Trump also claimed that "hundreds of millions" of mail ballots were being sent out across the country, which is not accurate. In most cases, states have merely made it easier to request absentee ballots.

Republican election experts share some of the president's concerns.

Most experts oppose the practice of ballot "harvesting," where political groups collect mail ballots directly from voters and send them in bulk to be counted. The practice is legal only in California.

Trump Encourages Use of Mail-In Ballots in Florida in Stark Reversal

  Trump Encourages Use of Mail-In Ballots in Florida in Stark Reversal At least 42 states as well as the District of Columbia will allow voters to vote using absentee ballots without providing a justification. More on National ReviewKris Kobach Is an Incompetent Loser Who Loses, and That Is Why Democrats Want HimTo Curb Polarization, Everyone Must Accept a Possibility of Temporary LossNo, Susan Collins Is Not a Trumpist Stooge

And many are concerned that the crush of mail-in voting will be an administrative nightmare that could lead to a weeks-long delay in getting the final results in November. New York state, for example, has yet to complete the count for several primary races that took place on June 23.

"I think concerns about ballot harvesting practices are fair and legitimate," said Chris Ashby, a Republican elections lawyer. "I'm also very concerned about the ability of the postal service to handle the volume of mail ballots, of local election officials to process them timely and transparently, and of partisans and the public to wait patiently while that happens in the days and weeks after Election Day."

But Ashby also said that "the national tide has clearly turned in favor of expanding opportunities to vote."

"National Republicans should stop trying to beat back the tide and start harnessing it," he said. "Experience in Florida, for example, shows that Republicans can win mail ballots. But that's not going to happen if the GOP spends all its time fighting vote by mail and casting doubt on it. In both the short and long terms, all those resources and efforts would be better spent trying to win mail-in votes."

The R Street Institute, a think tank dedicated to free markets and limited government, recently released a study titled "Why conservatives should embrace sensible measures to expand absentee balloting."

Trump encourages mail voting in key battleground Florida

  Trump encourages mail voting in key battleground Florida WASHINGTON (AP) — In an abrupt reversal, President Donald Trump now is encouraging voters in the critical swing state of Florida to vote by mail after months of criticizing the practice, and only days after threatening to sue Nevada over a new vote-by-mail law. His encouragement follows a surge in Democratic requests to vote for mail in Florida. Democrats currently have about 1.9 million Floridians signed up to vote by mail this November, almost 600,000 more than the Republicans’ 1.3 million, according to the Florida Secretary of State. require(["medianetNativeAdOnArticle"], function (medianetNativeAdOnArticle) { medianetNativeAdOnArticle.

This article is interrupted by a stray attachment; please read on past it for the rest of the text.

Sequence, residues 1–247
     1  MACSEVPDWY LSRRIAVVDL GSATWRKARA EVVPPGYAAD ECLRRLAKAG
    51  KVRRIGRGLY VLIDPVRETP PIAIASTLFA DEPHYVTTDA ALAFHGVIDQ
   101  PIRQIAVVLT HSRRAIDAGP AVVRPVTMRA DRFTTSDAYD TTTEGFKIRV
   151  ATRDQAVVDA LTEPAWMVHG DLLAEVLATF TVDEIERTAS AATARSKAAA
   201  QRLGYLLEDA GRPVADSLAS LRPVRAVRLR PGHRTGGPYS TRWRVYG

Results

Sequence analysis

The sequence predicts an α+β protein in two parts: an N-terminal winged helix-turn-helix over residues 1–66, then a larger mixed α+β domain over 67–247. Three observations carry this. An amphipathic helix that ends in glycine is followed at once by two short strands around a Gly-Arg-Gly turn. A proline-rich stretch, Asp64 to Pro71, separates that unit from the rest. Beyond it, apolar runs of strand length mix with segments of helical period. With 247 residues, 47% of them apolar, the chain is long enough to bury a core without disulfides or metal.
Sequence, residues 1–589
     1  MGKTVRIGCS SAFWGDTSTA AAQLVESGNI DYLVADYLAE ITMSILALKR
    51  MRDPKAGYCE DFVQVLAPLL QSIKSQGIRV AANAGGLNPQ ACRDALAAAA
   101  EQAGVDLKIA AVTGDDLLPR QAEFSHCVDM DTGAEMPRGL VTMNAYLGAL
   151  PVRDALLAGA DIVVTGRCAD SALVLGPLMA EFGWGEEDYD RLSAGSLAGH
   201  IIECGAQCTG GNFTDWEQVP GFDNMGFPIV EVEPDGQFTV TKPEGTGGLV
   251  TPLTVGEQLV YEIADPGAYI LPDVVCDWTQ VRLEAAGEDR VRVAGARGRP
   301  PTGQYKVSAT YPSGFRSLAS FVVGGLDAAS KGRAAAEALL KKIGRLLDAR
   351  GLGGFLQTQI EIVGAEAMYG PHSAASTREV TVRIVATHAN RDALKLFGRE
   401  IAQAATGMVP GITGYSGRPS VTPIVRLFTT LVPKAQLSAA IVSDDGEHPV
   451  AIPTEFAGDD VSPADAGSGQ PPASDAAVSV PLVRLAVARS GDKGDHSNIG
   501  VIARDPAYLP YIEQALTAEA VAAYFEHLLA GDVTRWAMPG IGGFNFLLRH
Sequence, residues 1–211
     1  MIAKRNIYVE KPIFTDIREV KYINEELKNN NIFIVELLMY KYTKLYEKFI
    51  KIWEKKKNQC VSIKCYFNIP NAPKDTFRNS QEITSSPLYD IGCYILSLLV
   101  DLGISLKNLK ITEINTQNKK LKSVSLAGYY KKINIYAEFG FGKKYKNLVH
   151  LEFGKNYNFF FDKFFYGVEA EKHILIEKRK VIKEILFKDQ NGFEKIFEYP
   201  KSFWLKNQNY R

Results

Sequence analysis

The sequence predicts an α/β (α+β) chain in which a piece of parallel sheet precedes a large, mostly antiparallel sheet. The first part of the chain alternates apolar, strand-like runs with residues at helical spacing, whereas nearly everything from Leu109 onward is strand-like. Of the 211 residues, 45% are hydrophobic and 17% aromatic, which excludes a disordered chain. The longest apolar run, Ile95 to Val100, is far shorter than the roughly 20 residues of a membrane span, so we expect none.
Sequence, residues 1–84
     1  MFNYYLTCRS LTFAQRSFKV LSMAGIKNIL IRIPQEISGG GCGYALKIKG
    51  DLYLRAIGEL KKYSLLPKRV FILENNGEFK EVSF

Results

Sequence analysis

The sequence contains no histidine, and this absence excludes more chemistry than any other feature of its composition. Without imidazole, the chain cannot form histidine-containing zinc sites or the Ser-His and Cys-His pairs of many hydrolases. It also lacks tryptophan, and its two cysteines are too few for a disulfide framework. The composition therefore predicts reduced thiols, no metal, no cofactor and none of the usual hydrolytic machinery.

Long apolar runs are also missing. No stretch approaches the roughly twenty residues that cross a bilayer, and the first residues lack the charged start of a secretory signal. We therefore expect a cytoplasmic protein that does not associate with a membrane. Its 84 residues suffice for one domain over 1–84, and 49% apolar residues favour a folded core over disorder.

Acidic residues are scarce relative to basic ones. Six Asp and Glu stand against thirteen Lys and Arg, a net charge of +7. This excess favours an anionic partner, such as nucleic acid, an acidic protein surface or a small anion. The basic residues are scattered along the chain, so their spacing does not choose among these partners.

The study cast doubt on claims that Democrats benefit from expanded mail-in voting, pointing to three states Trump carried in 2016 - Utah, Arizona and Montana - where about 70 percent of voters cast ballots through the mail.

The R Street Institute noted that former Republican Sen. Gordon Smith was elected in Oregon after the state moved to an all-mail model. Republican Sen. Cory Gardner was elected in Colorado after the state expanded absentee balloting. This year, Republican Mike Garcia flipped a House seat held by Democrats in California in a mostly mail-in election.

The study found instances of fraud to be almost nonexistent in states that use all-mail balloting. Mail balloting is cheaper, favored by older voters and growing in popularity, the study found.

The authors pointed to GOP governors in Nebraska, Maryland, Missouri, Ohio, New Hampshire and Alaska that have recently advocated for its expansion.

"To support expanded voting by mail is an imperative of conservative ideals," the authors wrote. "And, for this reason, it is not surprising that even as pundits and special interests have spent recent months conjuring visions of electoral doom, conservative policymakers with actual governing responsibilities have moved forward with expanding access to absentee ballots."

Mac Stipanovich, a longtime GOP operative in Florida and a key figure in the 2000 recount, said that Democrats have returned 100,000 more absentee ballots than Republicans ahead of next week's state House and Senate primary elections.

"That's very unusual in Florida," Stipanovich said. "Back when I started, Republicans had the advantage by contacting voters and urging them to mail in their absentee ballots. That was always an ace in the hole. Apparently, that's no longer the case, and I think that will harm Republicans."

The latest Harvard CAPS-Harris Poll survey found that 70 percent of voters support a mail-in option. Eighty-eight percent of Democrats and 71 percent of independents support mail-in voting, but Republicans are split 50-50.

Still, polling director Mark Penn said Trump's warnings about widespread voter fraud could energize his base. He noted that Democrats are similarly warning about GOP voter suppression tactics to energize their supporters.

"The more Republican voters think the election is questionable the more they will turn out, just as Democrats have also used a similar strategy," Penn said. "Both parties are now using the same kind of fear of fair voting messages to stimulate their votes."

Snapchat introduces voting resources to boost youth turnout .
Snapchat wants to use its influence with young people to help drive higher turnout in the upcoming elections. To do that, the company is introducing a new set of educational tools meant to help users prepare to vote. The new features include voter registration tools and informational guides about the upcoming elections. The app will also provide details on how to vote by mail and ballot information. The updates are slated to roll out in September, and will have a permanent presence in the app, according to a Snap spokesperson. As part of that effort, the app will also begin prompting users to register to vote on their 18th birthday.